As we continue our teaching series through the letter called 1st Timothy, we next meet someone who gave himself the title “the worst of sinners.”  If you had to list out the top 10 sinners in history, who would make the list?  Hitler?  Stalin?  There have been some pretty bad sinners.  So who is the worst?  Check out 1st Timothy 1:12-17 to get ready, and join us at Faith Church at 9:00 (new time!) to learn more.

How to stop the drama in your life

16 Jan

Image result for how to stop dramaAre you a drama magnet?  A drama queen?  None of us likes to admit it, so maybe I should ask “Has anyone ever told you that you are a drama queen?”  Have you ever looked at your life and thought, “Why does drama seem to follow me around?”  In my post last week, I shared some suggestions for determining if you are a drama magnet.  The first step is to open your mind to the possibility.  Would you do that?  Would you open your mind to the possibility?  Read the post to learn more.

Even if you still conclude that you are not a drama magnet, I would venture a guess that most of us on this planet feel like we have too much drama in our lives.  We’d like to deal with it.  We’d like to remove it from our lives.  Know this, it is possible to stop the drama.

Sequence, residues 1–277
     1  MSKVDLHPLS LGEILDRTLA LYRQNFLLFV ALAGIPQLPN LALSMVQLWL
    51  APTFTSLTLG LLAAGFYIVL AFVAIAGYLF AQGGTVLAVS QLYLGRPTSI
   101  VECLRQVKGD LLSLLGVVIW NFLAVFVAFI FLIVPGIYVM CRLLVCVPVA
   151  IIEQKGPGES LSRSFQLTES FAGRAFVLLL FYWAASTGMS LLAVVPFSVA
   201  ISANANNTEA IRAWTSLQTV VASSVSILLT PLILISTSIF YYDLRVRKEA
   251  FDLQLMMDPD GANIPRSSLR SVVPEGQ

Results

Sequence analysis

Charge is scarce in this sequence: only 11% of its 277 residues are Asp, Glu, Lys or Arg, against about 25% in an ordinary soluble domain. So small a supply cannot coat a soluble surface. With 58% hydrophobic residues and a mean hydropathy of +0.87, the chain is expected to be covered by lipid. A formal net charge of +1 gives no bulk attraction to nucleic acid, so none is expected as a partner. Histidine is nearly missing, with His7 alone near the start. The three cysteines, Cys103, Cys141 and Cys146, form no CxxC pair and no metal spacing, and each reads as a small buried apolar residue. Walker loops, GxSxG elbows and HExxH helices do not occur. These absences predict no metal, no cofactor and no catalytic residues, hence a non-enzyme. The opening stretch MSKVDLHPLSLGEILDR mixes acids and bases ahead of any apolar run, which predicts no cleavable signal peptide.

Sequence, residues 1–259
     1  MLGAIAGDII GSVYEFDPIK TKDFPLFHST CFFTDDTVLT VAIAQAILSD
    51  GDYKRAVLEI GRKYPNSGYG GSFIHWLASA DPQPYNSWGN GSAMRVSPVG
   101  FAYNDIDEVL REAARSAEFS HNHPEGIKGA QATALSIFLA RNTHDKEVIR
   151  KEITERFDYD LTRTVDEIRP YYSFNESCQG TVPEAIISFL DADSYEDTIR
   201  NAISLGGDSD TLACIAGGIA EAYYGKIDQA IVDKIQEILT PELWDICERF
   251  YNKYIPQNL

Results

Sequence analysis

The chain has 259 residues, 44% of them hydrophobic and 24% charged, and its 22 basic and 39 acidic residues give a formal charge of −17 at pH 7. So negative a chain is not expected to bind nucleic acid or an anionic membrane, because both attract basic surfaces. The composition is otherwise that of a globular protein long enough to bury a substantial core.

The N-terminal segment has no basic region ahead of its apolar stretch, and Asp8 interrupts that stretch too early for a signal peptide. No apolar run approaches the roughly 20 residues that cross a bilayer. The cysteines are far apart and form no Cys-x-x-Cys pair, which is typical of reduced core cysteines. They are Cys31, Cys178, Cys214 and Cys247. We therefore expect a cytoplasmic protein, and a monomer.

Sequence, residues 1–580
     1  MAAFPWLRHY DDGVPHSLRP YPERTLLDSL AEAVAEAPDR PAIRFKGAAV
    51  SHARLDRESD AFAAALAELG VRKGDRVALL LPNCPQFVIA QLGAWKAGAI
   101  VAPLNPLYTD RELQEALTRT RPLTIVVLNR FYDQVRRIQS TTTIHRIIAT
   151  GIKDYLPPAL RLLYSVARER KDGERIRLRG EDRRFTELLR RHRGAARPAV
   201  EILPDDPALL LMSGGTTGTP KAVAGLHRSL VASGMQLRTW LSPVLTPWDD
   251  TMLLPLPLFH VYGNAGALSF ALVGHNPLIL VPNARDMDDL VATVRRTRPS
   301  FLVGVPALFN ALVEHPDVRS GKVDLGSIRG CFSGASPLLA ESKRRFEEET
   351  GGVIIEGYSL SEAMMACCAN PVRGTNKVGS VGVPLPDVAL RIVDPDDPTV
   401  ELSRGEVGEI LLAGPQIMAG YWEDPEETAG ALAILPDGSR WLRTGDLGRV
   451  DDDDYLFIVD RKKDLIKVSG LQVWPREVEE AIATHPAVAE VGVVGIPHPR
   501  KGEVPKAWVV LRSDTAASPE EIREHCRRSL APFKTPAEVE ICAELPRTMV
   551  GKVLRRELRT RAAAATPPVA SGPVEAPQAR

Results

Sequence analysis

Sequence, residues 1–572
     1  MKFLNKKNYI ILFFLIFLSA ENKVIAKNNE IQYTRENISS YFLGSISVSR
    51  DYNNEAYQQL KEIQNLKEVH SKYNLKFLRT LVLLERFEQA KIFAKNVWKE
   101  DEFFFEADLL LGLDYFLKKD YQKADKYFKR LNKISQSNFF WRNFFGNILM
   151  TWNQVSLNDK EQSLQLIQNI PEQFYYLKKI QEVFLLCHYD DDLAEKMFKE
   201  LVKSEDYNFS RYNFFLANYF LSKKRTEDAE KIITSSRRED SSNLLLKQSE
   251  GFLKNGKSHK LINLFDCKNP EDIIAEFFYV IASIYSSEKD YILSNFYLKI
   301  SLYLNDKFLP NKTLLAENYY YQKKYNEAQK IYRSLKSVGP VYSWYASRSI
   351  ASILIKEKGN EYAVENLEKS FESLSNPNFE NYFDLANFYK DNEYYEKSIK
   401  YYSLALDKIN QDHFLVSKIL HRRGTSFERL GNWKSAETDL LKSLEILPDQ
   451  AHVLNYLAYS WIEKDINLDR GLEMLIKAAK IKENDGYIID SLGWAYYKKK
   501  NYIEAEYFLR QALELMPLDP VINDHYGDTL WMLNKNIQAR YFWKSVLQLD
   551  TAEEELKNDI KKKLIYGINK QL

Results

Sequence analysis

Yesterday, we continued our teaching series through the Apostle Paul’s letter to a young pastor Timothy, which is why the letter is called 1st Timothy.  Last Sunday we looked at the introduction, and yesterday we studied Paul’s first instructions, which you can read in 1st Timothy 1:3-11.  He has a command for Timothy.  Simply put, the command is “Timothy, I’ve been hearing about the drama queens in the church, and you must stop them.”

That might sound harsh, but we must remember that Paul started this church.  He knew these people well, as he had spent nearly three years with them.  He loved them, and he wanted them to thrive as a church.  When he hears about the drama, he knows that is not in their best interest, and worse, it has a strong chance of ruining the life-changing work that God wants to do in their town.  The drama has to stop.

But how?

In this passage Paul reminds Timothy that the people in the church need to have a pure heart, a good conscience and a sincere faith, which will lead to love.  Basically Paul is saying that we need to be transformed within, because what is inside us what matters. These qualities turn our lives into fertile soil from which love grows.